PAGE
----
Thu May 12 18:48:00 GMT 2011
On May 12 13:53, Ryan Johnson wrote:
> On 12/05/2011 1:11 PM, Corinna Vinschen wrote:
> >On May 12 18:55, Corinna Vinschen wrote:
> >>On May 12 12:31, Ryan Johnson wrote:
> >>>On 12/05/2011 11:09 AM, Corinna Vinschen wrote:
> >>>>- void *base;
> >>>>+ unsigned heap_id;
> >>>>+ uintptr_t base;
> >>>>+ uintptr_t end;
> >>>>+ unsigned long flags;
> >>>> };
> >>>We don't actually need the end pointer: we're trying to match an
> >>No, we need it. The heaps consist of reserved and committed memory
> >>blocks, as well as of shareable and non-shareable blocks. Thus you
> >>get multiple VirtualQuery calls per heap, thus you have to check for
> >>the address within the entire heap(*).
> >Btw., here's a good example. There are three default heaps, One of them,
> >heap 0, is the heap you get with GetProcessHeap (). I don't know the
> >task of heap 1 yet, but heap 2 is ... something, as well as the stack of
> >the first thread in the process. It looks like this:
> > base 0x00020000, flags 0x00008000, granularity 8, unknown 0
> > allocated 1448, committed 65536, block count 3
> > Block 0: addr 0x00020000, size 2150400, flags 0x00000002, unknown 0x00010000
> >However, the various calls to VirtualQuery result in this output with
> >my patch:
> > 00020000-00030000 rw-p 00000000 0000:0000 0 [heap 2 default share]
> > 00030000-00212000 ---p 00000000 0000:0000 0 [heap 2 default]
> > 00212000-00213000 rw-s 001E2000 0000:0000 0 [heap 2 default]
> > 00213000-00230000 rw-p 001E3000 0000:0000 0 [heap 2 default]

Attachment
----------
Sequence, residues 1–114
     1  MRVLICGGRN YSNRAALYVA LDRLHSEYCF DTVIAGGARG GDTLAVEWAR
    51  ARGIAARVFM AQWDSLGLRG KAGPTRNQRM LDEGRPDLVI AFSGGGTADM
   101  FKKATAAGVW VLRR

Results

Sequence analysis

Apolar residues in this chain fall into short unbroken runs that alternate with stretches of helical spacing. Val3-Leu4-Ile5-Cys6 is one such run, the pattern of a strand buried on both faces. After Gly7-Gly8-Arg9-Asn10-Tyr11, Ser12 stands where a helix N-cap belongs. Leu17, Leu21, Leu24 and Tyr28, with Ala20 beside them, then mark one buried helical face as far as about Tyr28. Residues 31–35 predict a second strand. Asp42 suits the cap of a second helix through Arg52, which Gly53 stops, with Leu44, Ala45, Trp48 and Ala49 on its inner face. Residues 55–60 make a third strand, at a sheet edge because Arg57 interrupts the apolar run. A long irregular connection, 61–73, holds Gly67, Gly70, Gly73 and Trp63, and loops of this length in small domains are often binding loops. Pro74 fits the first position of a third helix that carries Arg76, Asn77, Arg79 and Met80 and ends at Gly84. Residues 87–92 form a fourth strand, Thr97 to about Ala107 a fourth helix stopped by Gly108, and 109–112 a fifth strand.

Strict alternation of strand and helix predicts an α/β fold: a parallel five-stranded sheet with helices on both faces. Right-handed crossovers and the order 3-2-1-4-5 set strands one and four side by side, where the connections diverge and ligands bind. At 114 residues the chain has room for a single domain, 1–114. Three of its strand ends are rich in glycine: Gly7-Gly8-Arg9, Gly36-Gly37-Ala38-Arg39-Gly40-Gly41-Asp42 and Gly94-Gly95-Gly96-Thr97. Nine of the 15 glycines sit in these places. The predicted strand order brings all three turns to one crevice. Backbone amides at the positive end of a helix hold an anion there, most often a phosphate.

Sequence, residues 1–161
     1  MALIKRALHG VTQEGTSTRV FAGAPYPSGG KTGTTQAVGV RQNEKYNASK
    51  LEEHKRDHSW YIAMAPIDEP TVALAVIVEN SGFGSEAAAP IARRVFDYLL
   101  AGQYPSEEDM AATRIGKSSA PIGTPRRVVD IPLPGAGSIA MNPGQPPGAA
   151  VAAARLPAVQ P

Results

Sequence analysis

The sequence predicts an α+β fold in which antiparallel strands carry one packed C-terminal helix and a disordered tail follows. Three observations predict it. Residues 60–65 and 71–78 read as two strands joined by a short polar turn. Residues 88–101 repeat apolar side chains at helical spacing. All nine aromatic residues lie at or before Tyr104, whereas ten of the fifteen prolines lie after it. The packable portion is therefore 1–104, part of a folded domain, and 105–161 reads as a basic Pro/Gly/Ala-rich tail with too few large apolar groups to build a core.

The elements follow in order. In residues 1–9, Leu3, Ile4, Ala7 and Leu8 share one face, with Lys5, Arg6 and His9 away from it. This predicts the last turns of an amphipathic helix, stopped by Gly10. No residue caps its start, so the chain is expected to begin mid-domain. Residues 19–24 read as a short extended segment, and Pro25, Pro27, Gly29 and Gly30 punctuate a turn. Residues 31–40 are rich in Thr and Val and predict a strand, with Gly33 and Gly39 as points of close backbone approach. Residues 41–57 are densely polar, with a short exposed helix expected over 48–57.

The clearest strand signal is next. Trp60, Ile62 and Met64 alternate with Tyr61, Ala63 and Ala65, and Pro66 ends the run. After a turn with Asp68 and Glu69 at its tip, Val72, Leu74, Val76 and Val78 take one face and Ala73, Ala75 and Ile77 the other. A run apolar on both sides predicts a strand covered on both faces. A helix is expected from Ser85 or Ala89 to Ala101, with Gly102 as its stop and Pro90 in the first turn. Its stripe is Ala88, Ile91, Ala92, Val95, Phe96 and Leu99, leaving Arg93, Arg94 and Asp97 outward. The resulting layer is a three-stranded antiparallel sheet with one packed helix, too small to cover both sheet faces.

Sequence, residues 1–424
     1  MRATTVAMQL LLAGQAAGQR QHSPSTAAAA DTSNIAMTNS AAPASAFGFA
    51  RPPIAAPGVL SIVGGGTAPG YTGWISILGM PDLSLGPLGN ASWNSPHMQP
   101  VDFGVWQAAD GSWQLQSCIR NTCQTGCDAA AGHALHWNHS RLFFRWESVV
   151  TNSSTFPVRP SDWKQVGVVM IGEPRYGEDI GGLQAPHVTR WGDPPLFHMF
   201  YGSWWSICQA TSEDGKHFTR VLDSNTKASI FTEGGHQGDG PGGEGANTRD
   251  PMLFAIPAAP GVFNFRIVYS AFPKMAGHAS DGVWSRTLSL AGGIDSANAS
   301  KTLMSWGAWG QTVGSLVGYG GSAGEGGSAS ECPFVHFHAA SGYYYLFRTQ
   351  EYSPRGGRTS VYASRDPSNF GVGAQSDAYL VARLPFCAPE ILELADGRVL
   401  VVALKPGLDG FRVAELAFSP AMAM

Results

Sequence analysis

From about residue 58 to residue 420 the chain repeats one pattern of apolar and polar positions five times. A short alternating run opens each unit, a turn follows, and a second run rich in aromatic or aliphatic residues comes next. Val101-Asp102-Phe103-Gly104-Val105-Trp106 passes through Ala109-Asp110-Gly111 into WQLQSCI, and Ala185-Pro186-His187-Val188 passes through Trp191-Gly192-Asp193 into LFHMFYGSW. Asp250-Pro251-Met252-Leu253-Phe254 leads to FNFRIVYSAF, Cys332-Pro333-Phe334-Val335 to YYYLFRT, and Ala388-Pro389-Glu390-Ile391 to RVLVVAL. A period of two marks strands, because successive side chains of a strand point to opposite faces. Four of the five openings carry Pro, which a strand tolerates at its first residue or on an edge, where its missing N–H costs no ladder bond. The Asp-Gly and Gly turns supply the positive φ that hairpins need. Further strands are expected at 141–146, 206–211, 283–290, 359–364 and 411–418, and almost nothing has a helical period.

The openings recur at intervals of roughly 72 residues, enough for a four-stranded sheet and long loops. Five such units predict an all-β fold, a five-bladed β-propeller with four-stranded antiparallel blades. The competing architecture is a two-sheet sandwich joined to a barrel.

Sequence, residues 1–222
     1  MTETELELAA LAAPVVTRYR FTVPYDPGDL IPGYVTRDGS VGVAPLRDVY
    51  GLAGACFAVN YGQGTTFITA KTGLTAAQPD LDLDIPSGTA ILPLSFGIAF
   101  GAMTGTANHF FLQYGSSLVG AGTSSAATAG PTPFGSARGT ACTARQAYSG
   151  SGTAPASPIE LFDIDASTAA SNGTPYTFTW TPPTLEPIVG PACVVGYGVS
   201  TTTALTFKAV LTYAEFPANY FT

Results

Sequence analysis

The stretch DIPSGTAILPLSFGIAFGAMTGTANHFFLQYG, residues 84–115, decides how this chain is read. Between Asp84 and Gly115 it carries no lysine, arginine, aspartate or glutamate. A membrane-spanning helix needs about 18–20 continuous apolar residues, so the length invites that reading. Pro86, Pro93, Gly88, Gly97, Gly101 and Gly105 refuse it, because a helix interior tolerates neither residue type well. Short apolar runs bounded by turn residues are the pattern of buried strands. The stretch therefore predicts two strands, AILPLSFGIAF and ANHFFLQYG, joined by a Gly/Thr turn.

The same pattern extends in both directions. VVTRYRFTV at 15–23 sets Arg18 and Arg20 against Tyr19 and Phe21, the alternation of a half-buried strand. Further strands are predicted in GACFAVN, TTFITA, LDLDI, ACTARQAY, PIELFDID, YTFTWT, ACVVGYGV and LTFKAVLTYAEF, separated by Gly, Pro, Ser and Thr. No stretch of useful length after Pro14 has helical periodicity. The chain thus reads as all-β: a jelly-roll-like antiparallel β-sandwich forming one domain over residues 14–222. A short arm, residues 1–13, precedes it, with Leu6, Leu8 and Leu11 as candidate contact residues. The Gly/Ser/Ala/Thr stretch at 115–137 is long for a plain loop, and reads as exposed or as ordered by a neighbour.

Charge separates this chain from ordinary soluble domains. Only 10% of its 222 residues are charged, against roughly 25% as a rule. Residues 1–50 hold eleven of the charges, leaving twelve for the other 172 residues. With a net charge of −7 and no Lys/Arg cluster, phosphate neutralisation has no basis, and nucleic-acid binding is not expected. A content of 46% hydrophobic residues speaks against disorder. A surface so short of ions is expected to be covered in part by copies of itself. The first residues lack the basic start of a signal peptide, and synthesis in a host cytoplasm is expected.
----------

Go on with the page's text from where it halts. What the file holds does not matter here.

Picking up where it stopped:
> >The "something" is the sharable area from 0x20000 up to 0x30000. The
> >stack is from 0x30000 up to 0x230000. The first reagion is only
> >reserved, then the guard page, then the committed and used tack area.
> Hmm. It looks like heap 2 was allocated by mapping the pagefile
> rather than using VirtualAlloc, and the thread's stack was allocated
> from heap 2, which treated the request as a large block and returned
> the result of a call to VirtualAlloc.
> Are the other two heap bases not "default share" then?
Here's what I see for instance in tcsh:
00010000-00020000 rw-p 00000000 0000:0000 0 [heap 1 default share]
00020000-00030000 rw-p 00000000 0000:0000 0 [heap 2 default share]
00030000-00212000 ---p 00000000 0000:0000 0 [heap 2 default]
00212000-00213000 rw-s 001E2000 0000:0000 0 [heap 2 default]
00213000-00230000 rw-p 001E3000 0000:0000 0 [heap 2 default]
002E0000-00310000 rw-p 00000000 0000:0000 0 [heap 0 default grow]
00310000-003E0000 ---p 00030000 0000:0000 0 [heap 0 default grow]
> In any case, coming back to the allocation base issue, heap_info
> only needs to track 0x20000 and 0x30000, because they are the ones
> with offset zero that would trigger a call to
> heap_info::fill_on_match. I argue that heap walking found exactly
> two flags&2 blocks, with exactly those base addresses, making the
> range check in fill_on_match unecessary.
Nope. As I wrote in my previoous mail and as you can still see in my
quote above, the two virtual memory areas from 0x20000 to 0x30000 and
from 0x30000 to 0x230000 together constitute a single start block in
heap 2. The OS is a great faker in terms of information returned to
the application, apparently.
> Again, I'll try running your patch instead of my own when I get a
> chance, and see if yours finds regions mine fails to label. However,
> if 0x30000 above really is a large block region, then at least my
> worries about flags&2 were unfounded, which is great news.
0x30000 is not a large block region.
Corinna Vinschen Please, send mails regarding Cygwin to
Cygwin Project Co-Leader cygwin AT cygwin DOT com
More information about the Cygwin-patches